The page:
100s of people in the UK attempt suicide on a weekly basis. If there was a legal and painless pathway to it, I’m sure the majority of these people would at least try that pathway first and hopefully there would be enough in place at first in order to help these people realise that they don’t actually want to die, they just need help to change.

And for those left who are of sound mind but just genuinely don’t want to be here anymore. I don’t see how or why anybody has the authority to decide that it shouldn’t be allowed anyway. The natural end point of body autonomy, is being able to decide if you want to end your life.

That’s all a whole other minefield In terms of a UK branch of Dignitas - then yes, absolutely.


I found myself in the unfortunate position of having to do some research into this earlier this year. Here in France there has been a years’ long debate which was initiated by President Macron in Sept 22 with the aim of having a possible evolution of the law by the end of 2023. Whether we are still on course for a resolution I don’t know.

As it stands euthanasia is illegal but what is permitted , under stringent conditions , is deep sedation (being put to sleep basically) at end of life. It sounds quite humane and merciful in theory but in practice I’ve read testaments that describe it as anything but.

Like I said , I had to look at the possibilities for someone terminally ill , who upon discovering the bad news was adamant that she didn’t want to go through the hell of chemotherapy. Euthanasia is legal in the three neighbouring countries of Belgium , Switzerland and Spain. Belgium was the most practicable for us and I identified three doctors who would consider French citizens.

As mentioned in the Diana Rigg article , the process is long and arduous and involves several in person consultations before a decision is taken. To make things even more precarious there is a , not unspoken , resentment among Belgian doctors at what they see as the French state effectively absolving itself from responsibility to its citizens and basically allowing other EU countries to do its dirty work. Hence the current debate.

She underwent chemotherapy in the summer , at the urging of her husband who quite understandably was willing to grasp at any straw offered. It was completely useless and she suffered terribly. And we all wonder if in fact the treatment , particularly the initial biopsy (liver) hadn’t in fact hurried the disease along. So now she’s at the end and we are waiting for her to access some palliative care which will presumably precede the aforementioned deep sedation.

I can’t help thinking she was right all along. They should have just left the thing alone , and once it became latter stage then give her the opportunity to bring the curtain down herself.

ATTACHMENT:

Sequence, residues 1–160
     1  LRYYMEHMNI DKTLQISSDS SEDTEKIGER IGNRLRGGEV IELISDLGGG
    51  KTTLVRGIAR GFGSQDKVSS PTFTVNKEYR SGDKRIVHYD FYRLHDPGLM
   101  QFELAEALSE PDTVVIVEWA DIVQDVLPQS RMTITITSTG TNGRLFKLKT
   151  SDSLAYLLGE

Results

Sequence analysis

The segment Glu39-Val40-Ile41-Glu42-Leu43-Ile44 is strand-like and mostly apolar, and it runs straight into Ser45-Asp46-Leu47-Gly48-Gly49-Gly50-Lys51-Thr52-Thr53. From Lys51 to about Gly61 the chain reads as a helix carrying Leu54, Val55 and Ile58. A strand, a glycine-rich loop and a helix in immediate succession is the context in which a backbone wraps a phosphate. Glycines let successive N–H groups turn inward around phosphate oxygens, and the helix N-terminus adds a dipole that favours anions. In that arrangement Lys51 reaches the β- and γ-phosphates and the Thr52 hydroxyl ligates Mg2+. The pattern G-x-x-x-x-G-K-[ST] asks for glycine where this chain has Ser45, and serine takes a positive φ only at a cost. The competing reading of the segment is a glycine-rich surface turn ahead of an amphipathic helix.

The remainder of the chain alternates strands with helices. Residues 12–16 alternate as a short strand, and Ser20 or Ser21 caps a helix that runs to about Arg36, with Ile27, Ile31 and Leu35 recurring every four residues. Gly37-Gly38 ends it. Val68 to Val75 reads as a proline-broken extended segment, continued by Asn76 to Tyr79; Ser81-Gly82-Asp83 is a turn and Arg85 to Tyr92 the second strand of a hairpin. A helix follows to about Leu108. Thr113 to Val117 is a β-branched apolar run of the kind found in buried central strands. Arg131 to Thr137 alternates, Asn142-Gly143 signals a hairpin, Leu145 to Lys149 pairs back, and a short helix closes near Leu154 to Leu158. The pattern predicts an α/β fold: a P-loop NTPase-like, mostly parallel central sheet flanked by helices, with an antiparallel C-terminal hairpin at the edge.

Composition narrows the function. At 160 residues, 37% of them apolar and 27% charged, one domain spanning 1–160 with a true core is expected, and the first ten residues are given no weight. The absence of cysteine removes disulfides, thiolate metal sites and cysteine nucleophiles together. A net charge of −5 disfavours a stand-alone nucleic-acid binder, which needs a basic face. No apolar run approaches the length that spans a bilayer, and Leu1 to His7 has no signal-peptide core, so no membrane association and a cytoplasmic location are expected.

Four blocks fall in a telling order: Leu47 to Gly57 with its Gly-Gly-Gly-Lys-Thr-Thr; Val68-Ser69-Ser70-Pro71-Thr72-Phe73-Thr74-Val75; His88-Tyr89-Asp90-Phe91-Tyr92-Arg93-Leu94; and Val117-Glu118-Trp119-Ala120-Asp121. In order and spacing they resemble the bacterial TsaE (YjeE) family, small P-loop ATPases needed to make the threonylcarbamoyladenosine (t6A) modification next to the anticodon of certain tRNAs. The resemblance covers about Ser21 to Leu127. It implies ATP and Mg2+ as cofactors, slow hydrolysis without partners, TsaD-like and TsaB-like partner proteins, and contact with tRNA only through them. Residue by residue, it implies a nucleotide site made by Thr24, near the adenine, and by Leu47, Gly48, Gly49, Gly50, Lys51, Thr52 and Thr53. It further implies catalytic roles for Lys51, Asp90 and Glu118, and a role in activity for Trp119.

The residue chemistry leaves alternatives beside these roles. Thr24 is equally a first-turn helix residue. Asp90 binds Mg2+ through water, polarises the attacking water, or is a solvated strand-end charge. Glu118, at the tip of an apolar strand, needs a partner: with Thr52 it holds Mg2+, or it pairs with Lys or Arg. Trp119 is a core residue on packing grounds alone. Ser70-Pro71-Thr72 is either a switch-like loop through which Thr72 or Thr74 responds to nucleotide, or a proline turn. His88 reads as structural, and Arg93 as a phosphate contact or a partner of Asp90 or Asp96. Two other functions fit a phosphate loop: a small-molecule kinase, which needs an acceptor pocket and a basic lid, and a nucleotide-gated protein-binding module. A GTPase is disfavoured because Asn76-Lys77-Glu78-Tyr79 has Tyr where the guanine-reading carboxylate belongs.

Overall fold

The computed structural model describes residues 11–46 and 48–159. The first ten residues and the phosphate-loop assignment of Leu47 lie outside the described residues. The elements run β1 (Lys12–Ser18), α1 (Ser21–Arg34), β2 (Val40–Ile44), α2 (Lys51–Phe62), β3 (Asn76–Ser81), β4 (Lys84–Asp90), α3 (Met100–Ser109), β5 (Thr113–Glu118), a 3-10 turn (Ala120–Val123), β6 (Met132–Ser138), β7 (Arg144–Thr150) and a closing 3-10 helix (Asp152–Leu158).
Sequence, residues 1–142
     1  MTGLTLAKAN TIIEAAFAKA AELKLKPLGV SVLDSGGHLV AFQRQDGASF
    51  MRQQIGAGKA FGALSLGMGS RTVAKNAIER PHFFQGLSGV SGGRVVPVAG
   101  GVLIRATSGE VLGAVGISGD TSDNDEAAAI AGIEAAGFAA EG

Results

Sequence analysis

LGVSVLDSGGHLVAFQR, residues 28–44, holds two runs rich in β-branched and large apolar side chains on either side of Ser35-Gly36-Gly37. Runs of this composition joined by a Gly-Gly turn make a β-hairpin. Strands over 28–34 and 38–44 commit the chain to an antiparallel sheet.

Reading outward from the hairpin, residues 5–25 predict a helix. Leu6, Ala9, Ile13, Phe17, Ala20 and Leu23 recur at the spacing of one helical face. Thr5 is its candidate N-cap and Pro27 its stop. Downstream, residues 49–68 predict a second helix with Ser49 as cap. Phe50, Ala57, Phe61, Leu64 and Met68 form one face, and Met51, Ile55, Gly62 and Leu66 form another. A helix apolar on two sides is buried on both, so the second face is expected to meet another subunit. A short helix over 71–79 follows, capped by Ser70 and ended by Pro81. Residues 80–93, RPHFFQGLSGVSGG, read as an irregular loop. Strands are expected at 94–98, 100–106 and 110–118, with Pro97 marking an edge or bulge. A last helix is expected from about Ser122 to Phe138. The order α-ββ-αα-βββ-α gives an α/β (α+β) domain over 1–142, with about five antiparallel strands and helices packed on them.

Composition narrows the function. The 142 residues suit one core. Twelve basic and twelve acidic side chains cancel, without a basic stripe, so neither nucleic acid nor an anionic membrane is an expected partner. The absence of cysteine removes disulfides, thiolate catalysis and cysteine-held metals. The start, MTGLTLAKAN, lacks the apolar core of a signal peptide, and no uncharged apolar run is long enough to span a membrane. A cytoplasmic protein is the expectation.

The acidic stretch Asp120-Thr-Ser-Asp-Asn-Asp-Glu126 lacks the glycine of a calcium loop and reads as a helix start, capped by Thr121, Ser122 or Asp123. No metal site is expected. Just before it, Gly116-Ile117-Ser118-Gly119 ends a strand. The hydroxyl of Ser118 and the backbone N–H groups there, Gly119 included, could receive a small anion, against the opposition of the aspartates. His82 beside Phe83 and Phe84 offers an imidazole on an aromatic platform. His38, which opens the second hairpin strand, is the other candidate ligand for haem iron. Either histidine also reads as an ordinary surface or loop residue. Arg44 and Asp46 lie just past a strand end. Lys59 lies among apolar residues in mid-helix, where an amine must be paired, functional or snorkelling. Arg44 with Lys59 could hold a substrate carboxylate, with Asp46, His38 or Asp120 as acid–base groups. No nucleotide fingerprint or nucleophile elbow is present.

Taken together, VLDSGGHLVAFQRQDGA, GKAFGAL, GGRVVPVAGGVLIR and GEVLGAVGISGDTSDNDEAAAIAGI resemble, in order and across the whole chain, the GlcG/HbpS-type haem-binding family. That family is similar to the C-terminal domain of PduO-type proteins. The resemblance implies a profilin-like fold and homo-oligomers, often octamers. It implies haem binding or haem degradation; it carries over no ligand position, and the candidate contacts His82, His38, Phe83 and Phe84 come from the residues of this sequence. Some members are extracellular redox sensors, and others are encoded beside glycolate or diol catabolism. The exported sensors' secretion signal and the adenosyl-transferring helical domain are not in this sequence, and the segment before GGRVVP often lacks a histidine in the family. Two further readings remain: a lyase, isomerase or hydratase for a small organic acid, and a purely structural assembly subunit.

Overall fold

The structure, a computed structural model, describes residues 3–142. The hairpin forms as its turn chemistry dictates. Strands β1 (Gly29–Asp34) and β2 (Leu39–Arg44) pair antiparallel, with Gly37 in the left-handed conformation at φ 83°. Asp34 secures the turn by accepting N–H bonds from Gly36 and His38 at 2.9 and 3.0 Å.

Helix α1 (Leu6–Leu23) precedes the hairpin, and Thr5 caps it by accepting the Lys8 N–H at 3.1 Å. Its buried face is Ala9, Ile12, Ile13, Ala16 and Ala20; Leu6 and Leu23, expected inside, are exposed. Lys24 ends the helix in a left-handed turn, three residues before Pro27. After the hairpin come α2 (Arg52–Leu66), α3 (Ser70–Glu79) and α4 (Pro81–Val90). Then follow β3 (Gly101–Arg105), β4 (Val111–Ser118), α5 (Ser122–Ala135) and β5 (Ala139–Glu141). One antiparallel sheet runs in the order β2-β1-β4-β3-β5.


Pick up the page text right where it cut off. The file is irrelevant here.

Hopefully the French govt. takes the right decision soon. Sadly it will come too late for her.


I’m fairly certain I recall my mother telling me that my granny had been given a dose of diamorphine which she didn’t wake up from, that was in 1996.
My granny was in hospital with severe dementia and recurring mouth cancer and was very unlikely to leave hospital regardless.

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We’ve had two deaths in the family in the last two weeks - been a lovely build up to xmas this year in our home.

Wife’s Aunty had a massive stroke about 2.5 weeks ago, in her 80s. Docs were there trying everything, but in her half paralysed state she kept pulling all the tubes etc out as she was sick of it all. Took pretty much 2 weeks for her to slowly pass once docs stopped doing things to keep her alive. Horrible for her sisters (inc my MIL) having to spend every day in hosp watching her slowly die, and meanwhile take up a bed at the hospital acute stroke ward for all that time.

My own Aunty’s been battling Parkinson’s for a couple of years, but in the last 4-5 months she couldn’t eat, speak or move around, was tube fed, and what little she could say was always along the same lines - when will it end etc etc. She’s at peace now having passed on Sunday, and fortunately was at home surrounded by loves ones rather than stuck in a hospital.

Notwithstanding the immense legal minefield already mentioned above, I would be supportive, particularly having gone through the last couple of weeks.


Sorry you’ve had to go through this. it’s terrible.

there was a case of a woman her named Sue Rodriguez, who suffered from ALS and took the question of medically-assisted suicide all the way to the Supreme Court of Canada in 1991. This was the same year that my mother was diagnosed with ALS. They had the same specialist at Vancouver General, fella by the name of Dr Andrew Eisen who was a leader in research on this particular disease and was partially funded by UBC.

Whereas Mrs Rodriguez was unsuccessful in her quest to control her own fate in the courts, she was able to find a local doctor who was sympathetic and discharged her own life 3 yrs later, with the support of a local MP who protected the identity of the doctor.